Strengthening air pollution reporting in the Philippines

The media training enables journalists to accurately and knowledgeably communicate different air pollution issues to the general public

With air pollution now the world’s single greatest environmental health risk, costing millions of lives around the world each year, and with Asia bearing the brunt of the crisis, it’s imperative that the media are at the forefront of awareness-raising efforts.

To strengthen the Philippine media’s understanding of air quality issues and the complexities involved in reporting on air pollution, its sources and impacts, mitigation options, co-benefits, and data interpretation, the Department of Environment and Natural Resources (DENR) and Clean Air Asia held a workshop for media and government communications staff in Metro Manila from December 1.

The workshop not only empowered journalists to accurately and more effectively report on air pollution, it also enabled them to impart to the public the extent to which they are affected and inspire action for better air quality.

“The media training enables journalists to accurately and knowledgeably communicate different air pollution issues to the general public,” said Dang Espita, Senior Program Coordinator of Clean Air Asia’s Integrated Programme for Better Air Quality in Asia.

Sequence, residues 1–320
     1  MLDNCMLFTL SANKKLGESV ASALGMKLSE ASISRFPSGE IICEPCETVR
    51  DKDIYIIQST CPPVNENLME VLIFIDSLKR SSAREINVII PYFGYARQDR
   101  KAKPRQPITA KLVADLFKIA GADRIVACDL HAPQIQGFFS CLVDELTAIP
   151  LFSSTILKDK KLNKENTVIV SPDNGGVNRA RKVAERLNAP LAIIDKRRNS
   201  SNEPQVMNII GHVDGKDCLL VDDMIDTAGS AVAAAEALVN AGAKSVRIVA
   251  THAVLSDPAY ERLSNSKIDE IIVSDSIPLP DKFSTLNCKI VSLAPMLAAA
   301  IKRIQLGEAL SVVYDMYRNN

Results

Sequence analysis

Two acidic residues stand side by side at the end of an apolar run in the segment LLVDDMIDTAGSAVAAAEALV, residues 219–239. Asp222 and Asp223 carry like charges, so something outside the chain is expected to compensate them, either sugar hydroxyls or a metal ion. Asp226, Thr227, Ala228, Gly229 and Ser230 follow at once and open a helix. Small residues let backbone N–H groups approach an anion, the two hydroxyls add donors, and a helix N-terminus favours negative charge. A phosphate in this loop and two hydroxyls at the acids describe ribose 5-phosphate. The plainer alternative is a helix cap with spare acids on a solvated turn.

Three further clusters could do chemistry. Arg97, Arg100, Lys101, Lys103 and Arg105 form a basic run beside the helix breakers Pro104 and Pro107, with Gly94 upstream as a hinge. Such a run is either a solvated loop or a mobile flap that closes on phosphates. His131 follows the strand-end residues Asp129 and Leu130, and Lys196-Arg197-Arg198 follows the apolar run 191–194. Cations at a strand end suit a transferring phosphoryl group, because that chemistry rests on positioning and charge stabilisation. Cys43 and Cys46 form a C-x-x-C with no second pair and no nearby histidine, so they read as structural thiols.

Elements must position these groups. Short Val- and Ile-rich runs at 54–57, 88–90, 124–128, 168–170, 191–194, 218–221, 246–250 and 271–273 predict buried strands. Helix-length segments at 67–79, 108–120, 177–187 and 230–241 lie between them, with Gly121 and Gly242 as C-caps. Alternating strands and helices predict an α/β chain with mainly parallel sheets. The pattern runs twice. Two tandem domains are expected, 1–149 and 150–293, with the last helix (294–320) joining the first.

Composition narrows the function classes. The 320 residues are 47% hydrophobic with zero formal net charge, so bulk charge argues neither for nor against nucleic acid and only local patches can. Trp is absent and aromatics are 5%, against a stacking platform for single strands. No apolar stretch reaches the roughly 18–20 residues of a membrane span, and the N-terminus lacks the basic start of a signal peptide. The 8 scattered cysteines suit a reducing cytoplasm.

“It also examines the health and environmental impacts, policy options and the co-benefits of air quality management in reducing social costs and strengthening economic growth, and how to communicate those issues to the public.”

Journalists were also given an overview of the Philippine Clean Air Act and the work of the DENR and the Environmental Management Bureau (EMB) in addressing air pollution nationally.

“The workshop was aimed at augmenting the work of the Environmental Education and Information Division of the EMB in spearheading environmental education in the country, and disseminating information on environmental and pollution matters to the DENR-EMB regional offices and the general public,” said Engineer Michiko Sibunga of the Air Quality Management Section of the EMB’s Environmental Quality Management Division.